Talk to a friendly face. Face-to-face social interaction with someone who cares about you is the most effective way to calm your nervous system and relieve stress. Interacting with another person can quickly put the brakes on damaging stress responses like “fight-or-flight.” It also releases stress-busting hormones, so you’ll feel better even if you’re unable to alter the stressful situation itself.

      Appeal to your senses. Does listening to an uplifting song make you feel calm? Or smelling ground coffee or a favorite scent? Or maybe squeezing a stress ball works quickly to make you feel centered? Everyone responds to sensory input a little differently, so start experimenting now to find what works best for you. Once you discover how your nervous system responds to sensory input, you’ll be able to quickly calm yourself no matter where or when stress hits.

      Make leisure time a priority. Partake in your favorite activities for no reason other than that they make you feel good. Go to a funny movie, take a walk on the beach, listen to music, read a good book, or talk to a friend. Doing things just because they are fun is no indulgence. Play is an emotional and mental health necessity.

      Make time for contemplation and appreciation. Think about the things you’re grateful for. Mediate, pray, enjoy the sunset, or simply take a moment to pay attention to what is good, positive, and beautiful as you go about your day.

      Take up a relaxation practice. While sensory input can relieve stress in the moment, relaxation techniques can help reduce your overall levels of stress—although they’re likely to take more time to learn effectively. Yoga, mindfulness meditation, deep breathing, or progressive muscle relaxation can put the brakes on stress and bring your mind and body back into a state of balance.
      Eat a brain-healthy diet to support strong mental health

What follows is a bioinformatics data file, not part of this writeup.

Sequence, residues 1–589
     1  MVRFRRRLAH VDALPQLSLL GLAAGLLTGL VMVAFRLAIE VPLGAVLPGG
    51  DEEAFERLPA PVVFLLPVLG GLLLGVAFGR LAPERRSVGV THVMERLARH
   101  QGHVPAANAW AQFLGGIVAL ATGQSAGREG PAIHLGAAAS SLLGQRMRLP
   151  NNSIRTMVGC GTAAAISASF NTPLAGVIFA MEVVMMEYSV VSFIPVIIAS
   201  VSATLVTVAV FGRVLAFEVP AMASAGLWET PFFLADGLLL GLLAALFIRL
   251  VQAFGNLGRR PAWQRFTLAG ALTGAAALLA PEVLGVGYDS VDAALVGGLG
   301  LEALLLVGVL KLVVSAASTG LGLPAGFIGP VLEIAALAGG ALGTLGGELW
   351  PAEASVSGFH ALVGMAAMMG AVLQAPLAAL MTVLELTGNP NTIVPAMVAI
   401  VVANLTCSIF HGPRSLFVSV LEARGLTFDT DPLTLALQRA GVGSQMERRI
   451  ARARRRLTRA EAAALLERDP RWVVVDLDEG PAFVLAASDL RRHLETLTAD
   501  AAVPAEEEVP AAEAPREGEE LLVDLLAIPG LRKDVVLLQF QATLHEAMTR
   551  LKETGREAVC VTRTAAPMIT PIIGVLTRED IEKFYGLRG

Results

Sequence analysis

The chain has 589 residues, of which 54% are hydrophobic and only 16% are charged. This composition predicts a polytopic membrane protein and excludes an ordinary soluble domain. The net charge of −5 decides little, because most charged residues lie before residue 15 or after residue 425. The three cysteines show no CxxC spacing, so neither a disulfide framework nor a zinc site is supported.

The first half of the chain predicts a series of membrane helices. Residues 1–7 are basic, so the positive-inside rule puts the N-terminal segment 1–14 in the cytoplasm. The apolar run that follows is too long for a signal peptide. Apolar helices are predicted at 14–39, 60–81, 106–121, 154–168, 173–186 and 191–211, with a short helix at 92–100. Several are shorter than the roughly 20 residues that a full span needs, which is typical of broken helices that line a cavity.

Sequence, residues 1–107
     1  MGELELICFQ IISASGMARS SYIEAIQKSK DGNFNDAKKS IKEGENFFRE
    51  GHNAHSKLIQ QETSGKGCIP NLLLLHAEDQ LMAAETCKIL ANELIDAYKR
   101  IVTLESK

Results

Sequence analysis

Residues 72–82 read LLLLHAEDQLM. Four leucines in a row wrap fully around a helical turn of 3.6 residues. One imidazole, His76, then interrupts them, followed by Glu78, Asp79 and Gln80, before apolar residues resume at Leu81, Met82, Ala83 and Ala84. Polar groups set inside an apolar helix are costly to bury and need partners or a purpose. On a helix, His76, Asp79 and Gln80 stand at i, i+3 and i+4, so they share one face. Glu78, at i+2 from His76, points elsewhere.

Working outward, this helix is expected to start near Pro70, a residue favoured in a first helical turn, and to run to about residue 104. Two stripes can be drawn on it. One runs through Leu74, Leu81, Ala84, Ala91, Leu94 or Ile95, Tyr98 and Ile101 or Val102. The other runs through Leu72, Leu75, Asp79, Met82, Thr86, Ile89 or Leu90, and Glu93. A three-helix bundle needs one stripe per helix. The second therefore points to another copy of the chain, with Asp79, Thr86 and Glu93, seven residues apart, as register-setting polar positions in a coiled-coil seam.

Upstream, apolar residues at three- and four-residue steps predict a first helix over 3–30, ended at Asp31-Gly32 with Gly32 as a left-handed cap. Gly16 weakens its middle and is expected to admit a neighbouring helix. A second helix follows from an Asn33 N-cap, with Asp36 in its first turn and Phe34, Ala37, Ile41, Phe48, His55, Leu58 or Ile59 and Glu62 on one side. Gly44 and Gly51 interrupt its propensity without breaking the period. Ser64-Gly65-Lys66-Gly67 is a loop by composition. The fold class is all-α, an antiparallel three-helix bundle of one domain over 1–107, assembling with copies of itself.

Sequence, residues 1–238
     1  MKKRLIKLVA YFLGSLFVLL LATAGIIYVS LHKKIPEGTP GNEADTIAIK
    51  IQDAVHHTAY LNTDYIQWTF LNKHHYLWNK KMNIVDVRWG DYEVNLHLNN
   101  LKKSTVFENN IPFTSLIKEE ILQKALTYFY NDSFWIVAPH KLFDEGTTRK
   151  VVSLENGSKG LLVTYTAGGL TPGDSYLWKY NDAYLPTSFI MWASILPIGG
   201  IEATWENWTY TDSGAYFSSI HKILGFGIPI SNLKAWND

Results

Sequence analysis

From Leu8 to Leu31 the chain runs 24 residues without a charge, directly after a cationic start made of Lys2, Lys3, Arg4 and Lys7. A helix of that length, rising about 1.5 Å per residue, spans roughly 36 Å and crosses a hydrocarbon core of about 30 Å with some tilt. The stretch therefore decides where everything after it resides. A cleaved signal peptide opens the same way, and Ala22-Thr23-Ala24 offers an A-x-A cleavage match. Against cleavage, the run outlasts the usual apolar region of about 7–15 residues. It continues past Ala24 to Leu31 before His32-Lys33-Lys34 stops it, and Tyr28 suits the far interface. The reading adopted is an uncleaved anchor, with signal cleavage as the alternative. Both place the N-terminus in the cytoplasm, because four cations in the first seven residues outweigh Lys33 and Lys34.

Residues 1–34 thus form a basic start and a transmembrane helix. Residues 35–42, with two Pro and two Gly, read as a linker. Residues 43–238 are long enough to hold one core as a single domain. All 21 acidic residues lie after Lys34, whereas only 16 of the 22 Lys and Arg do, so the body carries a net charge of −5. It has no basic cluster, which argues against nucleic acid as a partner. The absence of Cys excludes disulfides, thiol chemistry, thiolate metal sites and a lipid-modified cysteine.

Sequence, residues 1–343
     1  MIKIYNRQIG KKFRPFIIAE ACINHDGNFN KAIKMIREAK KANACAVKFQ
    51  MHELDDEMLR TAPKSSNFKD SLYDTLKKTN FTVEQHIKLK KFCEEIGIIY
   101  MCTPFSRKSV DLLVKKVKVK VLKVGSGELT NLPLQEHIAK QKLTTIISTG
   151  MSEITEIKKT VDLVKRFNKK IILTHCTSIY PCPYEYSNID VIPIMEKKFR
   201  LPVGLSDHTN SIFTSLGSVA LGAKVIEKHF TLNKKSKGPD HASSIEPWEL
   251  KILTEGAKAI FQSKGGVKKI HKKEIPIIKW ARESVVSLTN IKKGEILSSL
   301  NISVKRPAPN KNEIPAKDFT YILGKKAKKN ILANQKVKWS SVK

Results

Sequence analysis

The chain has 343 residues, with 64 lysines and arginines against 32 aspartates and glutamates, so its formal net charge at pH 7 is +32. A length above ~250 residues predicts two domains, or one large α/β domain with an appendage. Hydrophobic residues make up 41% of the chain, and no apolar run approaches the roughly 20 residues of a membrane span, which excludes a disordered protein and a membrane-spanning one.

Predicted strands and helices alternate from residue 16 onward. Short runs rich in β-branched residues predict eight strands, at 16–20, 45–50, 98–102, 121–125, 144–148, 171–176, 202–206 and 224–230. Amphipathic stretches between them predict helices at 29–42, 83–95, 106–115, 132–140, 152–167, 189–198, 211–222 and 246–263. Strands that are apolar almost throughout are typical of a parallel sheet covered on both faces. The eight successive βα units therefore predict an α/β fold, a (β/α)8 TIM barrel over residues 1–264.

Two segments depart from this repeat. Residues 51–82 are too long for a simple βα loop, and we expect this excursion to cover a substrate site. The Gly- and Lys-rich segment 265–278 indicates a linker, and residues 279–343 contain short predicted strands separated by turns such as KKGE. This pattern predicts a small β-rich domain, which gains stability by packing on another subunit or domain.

Unless you’ve tried to change your diet in the past, you may not be aware how much of what you eat—and don’t eat—affects the way you think and feel. An unhealthy diet can take a toll on your brain and mood, disrupt your sleep, sap your energy, and weaken your immune system. Conversely, switching to a wholesome diet, low in sugar and rich in healthy fats, can give you more energy, improve your sleep and mood, and help you to look and feel your best.

      People respond slightly differently to certain foods, depending on genetics and other health factors, so experiment with how the food you include in—or cut from—your diet changes the way you feel. The best place to start is by cutting out the “bad fats” that can damage your mood and outlook, and replace them with “good fats” that support brain-health.

      Foods that adversely affect mood
      Caffeine.
      Alcohol.
      Trans fats or anything with “partially hydrogenated” oil.
      Foods with high levels of chemical preservatives or hormones.
      Sugary snacks.
      Refined carbs (such as white rice or white flour).
      Fried food.
      Foods that boost mood
      Fatty fish rich in Omega-3s such as salmon, herring, mackerel, anchovies, sardines, tuna.
      Nuts such as walnuts, almonds, cashews, peanuts.
      Avocados.
      Flaxseed.
      Beans.
      Leafy greens such as spinach, kale, Brussel’s sprouts.
      Fresh fruit such as blueberries.

      Don’t skimp on sleep—it matters more than you think
      If you lead a busy life, cutting back on sleep may seem like a smart move. But when it comes to your mental health, getting enough sleep is a necessity, not a luxury. Skipping even a few hours here and there can take a toll on your mood, energy, mental sharpness, and ability to handle stress. And over the long-term, chronic sleep loss can wreak havoc on your health and outlook.